Jewish World Review August 6, 2001 / 17 Menachem-Av, 5761
http://www.jewishworldreview.com -- PRESIDENT BUSH'S success in getting enough fellow Republicans in the House to swallow his compromise deal on a patients' bill of rights demonstrated a new aggressiveness on his part. But he still must cope with the Democrats' determination not to let him steal one of their favorite issues.
Whether he charmed or strong-armed Republican Rep. Charles Norwood of Georgia, who had been locked in an alliance with the Democrats on a version seeking stronger patient access to the courts against health maintenance organizations, Bush snatched at least temporary victory from very possible defeat with the compromise deal.
Six unhappy Republican moderates who were in the alliance with Norwood and the Democrats voted against the compromise. But according to one of the six, Rep. Connie Morella of Maryland, about 10 other Republicans in the alliance voted for it to produce Bush's six-vote victory on the critical vote.
The Democrats have vowed to continue the fight in a conference committee with the Senate on the bill. The earlier Senate approval by a wide margin of the stronger version means differences will have to be thrashed out, and Senate Majority Leader Tom Daschle greeted the House vote by observing that "it shouldn't be viewed as the last word."
Democratic leaders like House Minority Leader Dick Gephardt have accused Bush of wanting to kill the legislation, but it's more likely the president wants some kind of patients' bill of rights to shore up his slipping claim that he is, as he likes to put it, a "compassionate conservative."
Just as strong an argument can be made - and the Republican leadership has been making it - that the Democrats are the ones who would prefer no legislation rather than the softer Bush compromise, so they can blame the president for killing any patients' bill of rights. The Democrats have been counting on the issue as a centerpiece of their hopes to pick up the six House seats in 2002 they need to wrest control from the Republicans.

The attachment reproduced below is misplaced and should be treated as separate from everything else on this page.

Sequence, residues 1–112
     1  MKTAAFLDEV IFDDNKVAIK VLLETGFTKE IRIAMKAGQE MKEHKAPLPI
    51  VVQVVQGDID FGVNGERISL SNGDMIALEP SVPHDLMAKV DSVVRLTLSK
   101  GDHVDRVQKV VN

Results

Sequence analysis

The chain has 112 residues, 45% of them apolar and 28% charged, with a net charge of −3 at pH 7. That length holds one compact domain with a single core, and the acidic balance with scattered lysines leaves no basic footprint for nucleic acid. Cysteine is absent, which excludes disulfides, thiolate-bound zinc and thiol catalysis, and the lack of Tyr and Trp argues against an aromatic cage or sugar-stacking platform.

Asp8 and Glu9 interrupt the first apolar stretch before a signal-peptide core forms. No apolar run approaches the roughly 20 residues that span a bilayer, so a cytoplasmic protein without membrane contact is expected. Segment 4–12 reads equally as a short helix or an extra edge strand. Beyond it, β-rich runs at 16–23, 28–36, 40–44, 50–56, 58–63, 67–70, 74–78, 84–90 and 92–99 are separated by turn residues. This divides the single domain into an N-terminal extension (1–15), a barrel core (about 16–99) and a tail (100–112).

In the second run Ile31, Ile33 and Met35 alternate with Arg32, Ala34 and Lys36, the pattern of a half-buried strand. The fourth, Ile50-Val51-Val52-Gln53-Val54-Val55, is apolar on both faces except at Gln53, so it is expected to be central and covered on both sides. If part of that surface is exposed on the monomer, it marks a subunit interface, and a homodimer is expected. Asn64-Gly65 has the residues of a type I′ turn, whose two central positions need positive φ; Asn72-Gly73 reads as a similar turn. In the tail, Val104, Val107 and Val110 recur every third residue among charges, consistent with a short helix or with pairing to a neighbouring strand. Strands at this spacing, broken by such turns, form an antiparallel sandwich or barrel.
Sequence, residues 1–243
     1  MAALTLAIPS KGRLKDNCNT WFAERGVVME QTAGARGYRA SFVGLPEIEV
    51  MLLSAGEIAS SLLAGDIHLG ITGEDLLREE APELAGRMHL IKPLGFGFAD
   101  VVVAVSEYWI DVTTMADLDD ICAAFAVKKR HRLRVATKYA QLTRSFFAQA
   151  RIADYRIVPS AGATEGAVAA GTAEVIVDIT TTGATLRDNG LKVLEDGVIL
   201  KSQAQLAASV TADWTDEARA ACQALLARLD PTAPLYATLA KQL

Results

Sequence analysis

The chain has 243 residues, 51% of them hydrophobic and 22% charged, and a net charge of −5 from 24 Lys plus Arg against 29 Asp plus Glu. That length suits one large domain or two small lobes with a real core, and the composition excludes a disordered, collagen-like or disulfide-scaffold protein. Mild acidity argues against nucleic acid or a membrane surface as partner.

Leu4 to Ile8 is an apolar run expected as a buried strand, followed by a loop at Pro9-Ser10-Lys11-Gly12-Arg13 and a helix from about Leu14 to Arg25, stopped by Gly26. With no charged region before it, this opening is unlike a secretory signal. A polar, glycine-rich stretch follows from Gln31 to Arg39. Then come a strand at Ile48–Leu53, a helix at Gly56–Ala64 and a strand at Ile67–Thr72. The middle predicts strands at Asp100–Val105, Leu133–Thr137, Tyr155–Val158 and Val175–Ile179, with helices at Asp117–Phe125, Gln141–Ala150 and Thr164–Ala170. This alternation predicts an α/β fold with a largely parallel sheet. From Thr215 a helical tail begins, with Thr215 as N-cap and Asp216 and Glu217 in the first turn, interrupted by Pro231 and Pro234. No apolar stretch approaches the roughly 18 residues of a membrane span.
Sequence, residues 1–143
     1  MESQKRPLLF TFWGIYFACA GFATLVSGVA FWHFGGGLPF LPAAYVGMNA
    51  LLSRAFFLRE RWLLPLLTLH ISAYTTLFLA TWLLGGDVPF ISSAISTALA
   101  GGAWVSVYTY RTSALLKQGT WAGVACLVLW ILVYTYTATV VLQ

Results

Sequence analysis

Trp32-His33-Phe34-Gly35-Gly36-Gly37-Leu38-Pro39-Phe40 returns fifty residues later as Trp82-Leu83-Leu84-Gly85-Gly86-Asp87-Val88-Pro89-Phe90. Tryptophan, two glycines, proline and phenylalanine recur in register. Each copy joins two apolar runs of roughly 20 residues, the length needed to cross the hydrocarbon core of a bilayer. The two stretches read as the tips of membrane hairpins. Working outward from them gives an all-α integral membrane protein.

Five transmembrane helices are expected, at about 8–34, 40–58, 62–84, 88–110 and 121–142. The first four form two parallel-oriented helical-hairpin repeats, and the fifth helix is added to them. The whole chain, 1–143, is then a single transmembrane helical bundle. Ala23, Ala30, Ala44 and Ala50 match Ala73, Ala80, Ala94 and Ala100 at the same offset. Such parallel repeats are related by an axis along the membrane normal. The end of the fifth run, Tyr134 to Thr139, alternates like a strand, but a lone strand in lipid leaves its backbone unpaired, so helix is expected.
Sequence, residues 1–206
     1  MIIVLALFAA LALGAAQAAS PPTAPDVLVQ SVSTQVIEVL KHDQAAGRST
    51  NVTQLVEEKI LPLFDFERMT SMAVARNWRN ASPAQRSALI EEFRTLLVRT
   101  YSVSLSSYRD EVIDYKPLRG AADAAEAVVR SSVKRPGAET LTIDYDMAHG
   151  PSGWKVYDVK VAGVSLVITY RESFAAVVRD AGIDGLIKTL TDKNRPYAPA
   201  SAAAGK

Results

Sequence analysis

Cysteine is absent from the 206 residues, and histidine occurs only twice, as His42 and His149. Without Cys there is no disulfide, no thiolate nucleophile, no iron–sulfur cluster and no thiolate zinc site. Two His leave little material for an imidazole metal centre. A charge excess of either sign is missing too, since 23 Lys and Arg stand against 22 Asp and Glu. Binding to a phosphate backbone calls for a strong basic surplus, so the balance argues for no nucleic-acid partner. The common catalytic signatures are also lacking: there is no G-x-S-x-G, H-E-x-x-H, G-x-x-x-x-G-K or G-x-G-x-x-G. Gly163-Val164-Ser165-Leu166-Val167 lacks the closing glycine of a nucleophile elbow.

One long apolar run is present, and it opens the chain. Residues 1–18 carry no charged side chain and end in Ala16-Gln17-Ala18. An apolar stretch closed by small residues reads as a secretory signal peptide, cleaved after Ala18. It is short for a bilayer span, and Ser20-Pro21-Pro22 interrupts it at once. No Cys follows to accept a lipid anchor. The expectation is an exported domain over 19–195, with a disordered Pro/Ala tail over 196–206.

The Democrats' recent success in corralling Republican moderates in the House, as they did in rejecting the GOP leadership's procedural bid to emasculate campaign finance reform and on some environmental issues, had thrown the president distinctly on the defensive in the House as well as in the Senate, where the party defection of Sen. Jim Jeffords handed control to the Democrats.
Bush, with his patients' rights victory, and the earlier House approval of his Big Oil-friendly energy bill, has now given the strongest evidence yet of his willingness and ability to get personally into the political trenches to wage and win battles on Capitol Hill.
At the same time, however, his success in whispering in fellow-Republican Norwood's ear or twisting his arm, or both, does not constitute the sort of bipartisanship he promised to bring to town to change the Washington climate of contention he so deplored in last year's presidential campaign.
Instead, in a page out of Lyndon Johnson's book, Bush called a single Republican colleague to the Oval Office and apparently gave him the treatment for which LBJ was famous - the mailed fist in the velvet glove. Except that Johnson worked his persuasion/intimidation skills on legislators from the opposition party as well as his own.
Nevertheless, Bush's deal with Norwood comes at a most propitious time for the president, as he and Congress prepare to leave town for the August recess. After a steady slide in the polls, he appears to be on the rise again, with the latest Washington Post/ABC News survey giving him a 59 percent approval rating, four points shy of his previous high in April. But only 50 percent of those questioned say he has brought the change he promised, to 47 percent who say he hasn't.
Also, Bush appears still to labor under an elitist image, with 54 percent of those surveyed saying he doesn't understand people like them, and by about 2-to-1 they think he is out of step with them on providing government services and protecting the environment.
But more critical for him right now than public opinion is the challenge of coping with the opposition to him in Congress, and in his own party. Concerning the latter, he showed in the last week a new willingness to take on that challenge himself, in a new display of presidential
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